Russian boycott dispute continues

This Friday, February 10, Ukrainian President Volodymyr Zelensky opened a videoconference organized by London, bringing together sports ministers from several countries, on the presence of Russian athletes at the 2024 Olympics in Paris. He does not intend to move his position, and demands the exclusion of Russian and Belarusian athletes from the next Games. And this for “Protect the Olympic Charter” against a presence that he would regard as a “sign of violence and impunity”.

Lobbying constant de Kiev

He can now boast of the support of the mayor of Paris, Anne Hidalgo. Visiting Kiev on February 9, she reversed her January position in favor of the neutral banner. “I do not want there to be a Russian delegation to the Paris Olympic and Paralympic Games, even, since it had been mentioned, under a neutral banner, because that does not exist, the neutral banner does not exist. But that’s up to the International Olympic Committee (IOC) to decide. »

The day after his Parisian interview with Zelensky, Emmanuel Macron also spoke out on the subject. “It is in the summer that we will have a review clause and that we will assess it according to the circumstances, and according to what is held on the ground”did he declare.

Boycott diplomacy

On January 25, the IOC published a statement opening a possibility of participation of Russian and Belarusian athletes, as“neutral athletes” provided you don’t have « been against the peace mission of the IOC by actively supporting the war in Ukraine”. The committee reaffirmed that“no athlete should be banned from competition on the basis of their passport alone ».

But the case is sensitive. So much so that the adviser to the Ukrainian presidency, Mykhailo Podoliak, accused, on Twitter, the IOC of being “a promoter of war, murder and destruction “. If the participation of Russian and Belarusian athletes were to be confirmed, even under a neutral banner, Volodymyr Zelensky and the Ukrainian federation would call for a boycott. A threat that could attract other European countries in its wake: Estonia, Poland or Latvia are already forming a common front for a boycott.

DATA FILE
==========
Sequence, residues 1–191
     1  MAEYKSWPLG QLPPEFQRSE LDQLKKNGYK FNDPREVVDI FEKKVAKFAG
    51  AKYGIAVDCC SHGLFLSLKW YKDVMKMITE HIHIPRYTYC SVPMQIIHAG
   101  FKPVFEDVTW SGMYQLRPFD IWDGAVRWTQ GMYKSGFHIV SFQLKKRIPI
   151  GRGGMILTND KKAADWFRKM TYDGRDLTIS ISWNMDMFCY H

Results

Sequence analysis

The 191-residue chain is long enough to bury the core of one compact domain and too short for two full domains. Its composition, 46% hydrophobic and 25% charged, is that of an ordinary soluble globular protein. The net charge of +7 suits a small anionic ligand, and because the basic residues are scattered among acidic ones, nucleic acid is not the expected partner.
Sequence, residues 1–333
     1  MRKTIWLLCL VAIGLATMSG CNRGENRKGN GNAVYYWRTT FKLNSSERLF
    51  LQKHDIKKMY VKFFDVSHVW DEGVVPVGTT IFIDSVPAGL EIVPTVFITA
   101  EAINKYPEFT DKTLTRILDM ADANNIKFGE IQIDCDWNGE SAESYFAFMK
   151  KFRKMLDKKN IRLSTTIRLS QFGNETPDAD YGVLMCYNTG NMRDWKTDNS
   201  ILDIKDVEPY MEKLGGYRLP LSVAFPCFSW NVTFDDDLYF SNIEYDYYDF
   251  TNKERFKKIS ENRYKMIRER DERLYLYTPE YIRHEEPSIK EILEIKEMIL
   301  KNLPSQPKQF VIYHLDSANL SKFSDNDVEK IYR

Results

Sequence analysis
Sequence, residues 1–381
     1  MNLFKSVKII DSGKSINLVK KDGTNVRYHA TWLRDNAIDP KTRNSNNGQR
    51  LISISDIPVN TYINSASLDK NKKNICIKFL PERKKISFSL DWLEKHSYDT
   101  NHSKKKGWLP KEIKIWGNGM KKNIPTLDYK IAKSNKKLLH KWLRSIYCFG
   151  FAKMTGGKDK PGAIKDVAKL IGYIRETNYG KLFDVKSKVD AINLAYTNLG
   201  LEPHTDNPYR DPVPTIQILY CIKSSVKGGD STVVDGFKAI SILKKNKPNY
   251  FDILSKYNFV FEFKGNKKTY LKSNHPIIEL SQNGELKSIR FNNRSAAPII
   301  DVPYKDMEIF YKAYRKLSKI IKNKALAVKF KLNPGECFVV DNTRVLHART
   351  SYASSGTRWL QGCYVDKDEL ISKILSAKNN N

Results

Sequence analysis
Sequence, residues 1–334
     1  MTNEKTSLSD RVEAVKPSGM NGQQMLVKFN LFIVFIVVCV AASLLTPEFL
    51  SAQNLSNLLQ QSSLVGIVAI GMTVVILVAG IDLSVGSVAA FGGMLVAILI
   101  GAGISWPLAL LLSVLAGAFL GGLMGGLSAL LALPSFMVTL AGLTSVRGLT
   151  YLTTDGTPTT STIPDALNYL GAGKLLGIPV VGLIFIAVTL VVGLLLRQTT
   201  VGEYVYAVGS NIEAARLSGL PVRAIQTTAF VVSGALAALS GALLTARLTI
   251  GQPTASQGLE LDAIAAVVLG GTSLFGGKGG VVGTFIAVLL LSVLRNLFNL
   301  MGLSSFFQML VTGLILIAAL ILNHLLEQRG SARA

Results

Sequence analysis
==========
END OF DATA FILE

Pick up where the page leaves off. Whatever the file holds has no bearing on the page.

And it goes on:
Ahead of the meeting on Friday February 10, British Sports Minister Lucy Frazer announced “Demand that the IOC demonstrate that the values ​​of Olympism mean something. We must be clear that there are consequences to this illegal invasion.”. His Polish counterpart, Kamil Bortniczuk, said he expected around 40 countries to oppose the participation of Russians and Belarusians.

The IOC sticks to its guns

However, the IOC through its president, the German Thomas Barr, does not change its mind. In a letter dated January 31 to the Ukrainian Olympic Committee, he denounced a boycott that will “against the fundamentals of the Olympic movement”. He also judges the “pressures” Ukrainians like “extremely regrettable” and boycott it as a “violation of the Olympic charter”.

If the IOC assures that the 28 international sports federations are the “sole authorities” governing their competitions at the Olympic Games, the latter remain silent. The Association of International Summer Olympic Sports Federations which brings them together will meet on March 3 to discuss the thorny subject.


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